How to Make Fresh Ricotta and Homemade Cannoli
You are in for a treat today!
First I am going to show you how easy it is to make your own fresh ricotta cheese at home. Then, demonstrate how you can take that ricotta and use it in a simple and authentic cannoli. Finally, in the Italian spirit of not letting anything go to waste, I am even going to show you a fun trick for leftover vanilla bean pods.
Is your mouth watering yet?!
Keep reading for the recipes…
Yesterday I talked a lot about Sicily, but I didn’t have a chance to mention dessert. Oh, the dessert! Needless to say it was simple yet spectacular.
The ricotta in Sicily was unlike anything I had ever tasted before. Delicate and velvety, nothing like the product from a plastic container I was used to back home. The secret? It was made from scratch. Making your own cheese sounds intense, but it is actually quite simple. After one taste, you will be convinced!
Homemade Fresh Ricotta
2 qt whole milk
1 cup heavy cream
1/2 teaspoon salt
3 tablespoons fresh lemon juice
Line a large sieve with a layer of heavy-duty (fine-mesh) cheesecloth and place it over a large bowl.
Slowly bring milk, cream, and 1/2 tsp salt to a rolling boil in a 6-qt heavy pot over moderate heat, stirring occasionally to prevent scorching. Add lemon juice. Reduce heat to low and simmer, stirring constantly, until mixture curdles, about 2 minutes.
Pour into lined sieve and let drain 1 hour. After discarding the liquid, chill the ricotta, covered; it will keep in the refrigerator 2 days. Makes 2 cups.
Not only was the ricotta in Italy outstanding, the cannoli were as well. First thing I noticed, they were about 1/3 the size of what were are served in the US. Not too sweet, or a vessel for loads of chocolate or nuts. Just a simple way to showcase beautiful ricotta cheese for dessert. After you make your own ricotta, this recipe is a great way to show it off.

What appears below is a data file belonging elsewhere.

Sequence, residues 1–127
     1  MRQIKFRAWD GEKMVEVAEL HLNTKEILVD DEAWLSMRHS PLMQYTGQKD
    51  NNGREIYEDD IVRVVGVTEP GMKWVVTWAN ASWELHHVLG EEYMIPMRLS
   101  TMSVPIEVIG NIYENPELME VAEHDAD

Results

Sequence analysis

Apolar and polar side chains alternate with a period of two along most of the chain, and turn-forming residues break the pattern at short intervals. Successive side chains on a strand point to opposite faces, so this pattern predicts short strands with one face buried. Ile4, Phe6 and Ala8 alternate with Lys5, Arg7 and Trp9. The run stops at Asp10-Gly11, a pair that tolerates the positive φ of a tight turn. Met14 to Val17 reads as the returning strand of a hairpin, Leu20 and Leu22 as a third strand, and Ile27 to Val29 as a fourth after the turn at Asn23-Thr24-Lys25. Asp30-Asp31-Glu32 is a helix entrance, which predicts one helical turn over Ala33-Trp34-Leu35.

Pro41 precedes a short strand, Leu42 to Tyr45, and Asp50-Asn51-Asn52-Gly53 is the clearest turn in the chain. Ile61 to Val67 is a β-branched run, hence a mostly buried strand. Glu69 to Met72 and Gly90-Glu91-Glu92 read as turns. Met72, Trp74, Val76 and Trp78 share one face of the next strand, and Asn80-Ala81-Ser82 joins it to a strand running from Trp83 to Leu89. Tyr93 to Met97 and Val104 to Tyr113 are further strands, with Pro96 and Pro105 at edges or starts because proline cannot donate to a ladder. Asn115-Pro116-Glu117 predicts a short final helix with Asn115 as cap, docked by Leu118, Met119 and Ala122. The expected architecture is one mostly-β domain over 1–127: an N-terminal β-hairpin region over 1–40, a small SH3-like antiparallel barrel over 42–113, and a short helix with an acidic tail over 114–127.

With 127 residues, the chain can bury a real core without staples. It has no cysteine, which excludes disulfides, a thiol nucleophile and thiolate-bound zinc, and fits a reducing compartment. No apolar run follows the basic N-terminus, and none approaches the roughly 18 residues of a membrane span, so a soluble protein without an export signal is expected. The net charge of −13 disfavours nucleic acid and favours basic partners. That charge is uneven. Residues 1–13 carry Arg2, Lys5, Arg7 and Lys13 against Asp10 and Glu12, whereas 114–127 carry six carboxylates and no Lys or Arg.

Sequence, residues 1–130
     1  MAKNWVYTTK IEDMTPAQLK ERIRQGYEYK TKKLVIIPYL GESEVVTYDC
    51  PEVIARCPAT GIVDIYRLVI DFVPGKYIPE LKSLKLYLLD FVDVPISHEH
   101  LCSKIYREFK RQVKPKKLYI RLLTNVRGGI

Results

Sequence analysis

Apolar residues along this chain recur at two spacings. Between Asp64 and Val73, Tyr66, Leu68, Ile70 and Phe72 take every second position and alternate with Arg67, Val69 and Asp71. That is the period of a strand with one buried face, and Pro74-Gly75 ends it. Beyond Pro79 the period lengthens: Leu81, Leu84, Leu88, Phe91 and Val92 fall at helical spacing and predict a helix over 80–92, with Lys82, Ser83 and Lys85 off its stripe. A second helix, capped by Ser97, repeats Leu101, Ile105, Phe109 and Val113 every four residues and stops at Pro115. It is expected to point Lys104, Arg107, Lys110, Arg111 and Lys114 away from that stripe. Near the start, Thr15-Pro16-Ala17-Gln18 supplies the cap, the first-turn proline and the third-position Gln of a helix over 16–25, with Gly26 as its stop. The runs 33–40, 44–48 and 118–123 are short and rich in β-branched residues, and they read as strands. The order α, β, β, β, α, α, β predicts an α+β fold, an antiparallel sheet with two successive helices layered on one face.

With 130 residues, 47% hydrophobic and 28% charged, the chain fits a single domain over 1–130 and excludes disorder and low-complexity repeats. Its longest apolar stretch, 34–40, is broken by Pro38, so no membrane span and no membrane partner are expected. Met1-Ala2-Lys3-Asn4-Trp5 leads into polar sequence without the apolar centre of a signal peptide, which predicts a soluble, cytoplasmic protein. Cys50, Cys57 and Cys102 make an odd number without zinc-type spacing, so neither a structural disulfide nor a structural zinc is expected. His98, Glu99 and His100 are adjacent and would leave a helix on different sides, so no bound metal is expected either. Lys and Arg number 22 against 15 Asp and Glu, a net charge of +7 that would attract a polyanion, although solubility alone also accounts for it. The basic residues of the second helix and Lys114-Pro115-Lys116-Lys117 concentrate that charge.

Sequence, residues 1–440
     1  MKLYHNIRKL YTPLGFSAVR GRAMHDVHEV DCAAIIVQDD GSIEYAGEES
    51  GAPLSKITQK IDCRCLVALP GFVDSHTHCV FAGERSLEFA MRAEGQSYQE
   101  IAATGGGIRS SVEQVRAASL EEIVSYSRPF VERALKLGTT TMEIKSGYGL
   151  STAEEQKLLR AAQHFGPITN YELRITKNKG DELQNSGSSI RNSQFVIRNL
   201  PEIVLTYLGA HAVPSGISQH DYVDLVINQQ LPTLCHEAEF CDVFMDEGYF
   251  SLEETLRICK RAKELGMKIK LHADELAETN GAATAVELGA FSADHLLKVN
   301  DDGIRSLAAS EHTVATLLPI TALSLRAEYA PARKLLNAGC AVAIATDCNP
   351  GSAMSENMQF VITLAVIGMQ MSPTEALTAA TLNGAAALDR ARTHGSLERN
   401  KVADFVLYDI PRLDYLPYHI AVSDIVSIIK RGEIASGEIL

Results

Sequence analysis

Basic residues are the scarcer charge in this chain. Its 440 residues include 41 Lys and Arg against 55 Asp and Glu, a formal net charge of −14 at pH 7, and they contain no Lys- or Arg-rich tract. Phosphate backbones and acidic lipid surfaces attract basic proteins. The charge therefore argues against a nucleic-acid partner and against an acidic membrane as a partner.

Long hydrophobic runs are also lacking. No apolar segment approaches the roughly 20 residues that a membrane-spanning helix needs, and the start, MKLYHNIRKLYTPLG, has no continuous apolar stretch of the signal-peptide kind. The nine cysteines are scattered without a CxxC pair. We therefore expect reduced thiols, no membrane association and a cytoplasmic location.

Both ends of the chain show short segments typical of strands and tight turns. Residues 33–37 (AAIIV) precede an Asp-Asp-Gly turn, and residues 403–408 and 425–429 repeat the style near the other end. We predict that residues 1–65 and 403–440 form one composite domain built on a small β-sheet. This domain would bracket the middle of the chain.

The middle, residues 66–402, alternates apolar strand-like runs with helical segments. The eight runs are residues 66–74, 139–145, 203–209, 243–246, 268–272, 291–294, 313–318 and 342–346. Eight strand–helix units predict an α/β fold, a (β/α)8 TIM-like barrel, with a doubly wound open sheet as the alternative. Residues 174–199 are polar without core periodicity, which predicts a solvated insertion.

Authentic Sicilian Cannoli
2 cups homemade ricotta cheese
2/3 cup confectioner’s sugar
1 vanilla bean
24 mini cannoli shells
Combine chilled ricotta, confectioner’s sugar and the seeds scraped from the inside of a split vanilla bean. Mix thoroughly and refrigerate until ready to fill cannoli shells. Fill 24 shells and serve with a dusting of confectioner’s sugar.
Of course, you can’t end a meal without a little dessert wine! I like to pair the cannoli with a glass of Moscato Castello del Poggio. It’s easy to find, since it is actually the number one sold Moscato in America. It is a sweet, well-balanced wine with refined fruitiness.
One last tip:
Anytime a recipe calls for vanilla bean, keep this tip in mind. After you split it open and use the seeds in a recipe, the leftover pod is still filled with flavor. With an ingredient as decadent as this, we don’t want anything to go to waste!
That’s when I make “Vanilla Sugar.” Simply place you used vanilla bean pods in an airtight container with granulated sugar. Let it sit and within a week you will have an incredible treat. The vanilla flavor infuses into the sugar and tastes like a little spoonful of heaven.
How To Make Vanilla Sugar
-Used, split vanilla bean
Place a used, split vanilla bean in an airtight canister with granulated sugar. Let sit for at least a week. When you open the canister you will have a treat! Use as you would normal, granulated sugar. I love to add it to my morning coffee!
Around the World, How-To, Sweet Tooth, Tasty Travel | Tags: Christmas Dessert Recipes, Dessert Recipes, Easy Dessert Recipes, Italian Dessert Recipes, Italian Recipes, No-Bake Desserts
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